- First published: USA: Dodd Mead, February 1942; UK: Collins, May 1942
One of Christie’s most accomplished parodies of a convention of the genre: the body in the library. The corpse, however, is that of a very tarty young woman, Ruby Keene (née Rosie Legge), and the library is that of the highly respectable stick-in-the-mud Colonel Bantry. Although the telling is staid and sober, there is plenty of detective interest as the police investigate movements and motives of the guests at the Majestic Hotel; the unravelling of an ingenious yarn is done by Miss Marple, relying on her feminine knowledge of nails and teeth. The reader will almost certainly spot the identity of one of the murderers, but not of the other.
Colonel and Mrs. Bantry had always believed that “a body in the library” only happened in books—until the day when a body was found in their own library! Whose body was it? Who placed it there? Why should it be found in the library of Gossington Hall? That gentle elderly spinster, Miss Marple (whom readers of Agatha Christie will remember) was faced with all these questions. Following the trail from the quiet village of St. Mary Mead to a fashionable seaside hotel, she eventually found the answer. How did she mange it? Well, in her own words: “It reminded me of Tommy Bond and our new schoolmistress. She went to wind up the clock and a frog jumped out!”
Who was the mysterious girl found strangled in the Colonel’s library? Village tongues clattered with the news, especially when it was learned that she was extremely attractive. And the Colonel, of all people! Did that staid, rather stuffy individual have a shady past?
One of the village gossips refused to accept this idle chatter. Miss Marple, spinster, had a few ideas of her own. There was something about that murdered lass that just didn’t look right.
Slowly facts come to light. A dancer at a nearby health resort had disappeared. A charred body was found in a burnt automobile. A rich widower had changed his will in favour of a cheap little snip one-third his age. As readers of Murder at the Vicarage will recall, Miss Marple knew a great deal about human nature. Applying this knowledge, she came upon a solution that is utterly remarkable and unusual. Here is a Christie detective novel that will leave you gasping, and admiring as never before the technique of one of the world’s outstanding mystery writers.
Times Literary Supplement (Maurice Willson Disher, 16th May 1942): Some devoted souls may sigh for Hercule Poirot, but there are bound to be others who will be glad to find his place taken in the “new Agatha Christie” by Miss Marple. What this relief signifies is that professional detectives are no match for the elderly spinsters (not all so elderly), with some training in looking under the antimacassar, who are now very much in fashion. Even while making full allowance for this we find it hard not to be impressed by old-maid logic. When Miss Marple says, “The dress was all wrong,” she is plainly observing facts hidden from the masculine eye—facts which are of a very lively interest. The Body in the Library should turn Hendon College co-educational.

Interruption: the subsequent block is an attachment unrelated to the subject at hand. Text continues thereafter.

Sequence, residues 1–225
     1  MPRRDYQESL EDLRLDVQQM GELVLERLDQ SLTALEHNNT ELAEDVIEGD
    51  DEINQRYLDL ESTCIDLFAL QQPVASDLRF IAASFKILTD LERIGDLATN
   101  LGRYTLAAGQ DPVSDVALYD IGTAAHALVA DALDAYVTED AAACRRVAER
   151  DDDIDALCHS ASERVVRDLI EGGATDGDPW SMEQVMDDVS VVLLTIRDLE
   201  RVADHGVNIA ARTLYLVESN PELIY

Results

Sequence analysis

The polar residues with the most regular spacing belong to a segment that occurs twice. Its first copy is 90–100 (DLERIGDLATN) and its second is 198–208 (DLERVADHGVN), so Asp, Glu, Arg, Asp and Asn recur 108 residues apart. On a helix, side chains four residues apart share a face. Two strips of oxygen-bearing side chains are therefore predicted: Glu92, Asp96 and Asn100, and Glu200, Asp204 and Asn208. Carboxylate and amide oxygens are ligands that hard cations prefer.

New Statesman (Ralph Partridge, 13th June 1942): Mrs. Christie is so hard-working that she must occasionally take an afternoon off. The Body in the Library is inferior to her best writing. The basis of the plot is ingenious enough, but there is hardly enough material to bulk out a full-length novel. Eking out what there is, chapter by chapter, Mrs. Christie seems to lose heart herself over the length of the proceedings. The body was found in the library of a respectable county colonel by the housemaid one morning; the body was female, pretty, strangled. That looks all right to us and the police, but it did not look all right to Miss Marple. Her detective principle is that all criminals are childish and she has only to find the correct analogy with one of the naughtier village schoolchildren to identify a murderer offhand. I prefer Poirot.
New Yorker (28th February 1942, 50w): Miss Marple is the amateur sleuth in this story by a prolific author who never misses.
Books (Will Cuppy, 1st March 1942, 300w): When the time comes to release a sensational twist near the end, as she is expected to do in every major story, Mrs. Christie delivers with a pronounced impact, thus adding one more to her list of undoubted successes. How is it done? Mostly, we’d say, by guarding a special kind of secret better than anyone else in the business. We didn’t believe a word of it, ourself, yet we were fascinated by the whole thing in no uncertain manner. Take it by and large, this is the easiest to read among the current grist and the slickest puzzler you could want.
NY Times (Kay Irvin, 1st March 1942, 260w): Although this is not the best of Agatha Christie’s plots, the story is still in the upper brackets of excellence. And the character work, with Miss Marple and the Bantrys, is particularly fetching.
Time (2nd March 1942, 40w): Genuine old-crusted Christie.
Sat R of Lit (7th March 1942, 40w): Quiet little spinster who knows great deal about human nature uses feminine intuition and common sense to solve double slaying. Standard brand.
Spectator (John Fairfield, 7th August 1942, 170w): The solution seems so highly improbable that the reader is left with a very strong feeling that Miss Marple has succeeded in pinning the killings on the wrong people and that the dear old owner of the library ought to swing.
John O’London’s Weekly: Mrs. Christie is an adept at surprise endings and this is certainly a surprise. She has one of the nicest of detectives, Miss Marple, to solve the mystery.
The Listener: An entertaining mystery with Miss Marple as the oracle.
Birmingham Post: One of the most ingeniously contrived of all her murder stories.
Tatler: An excellent Christie.
Observer: Ingenious, of course.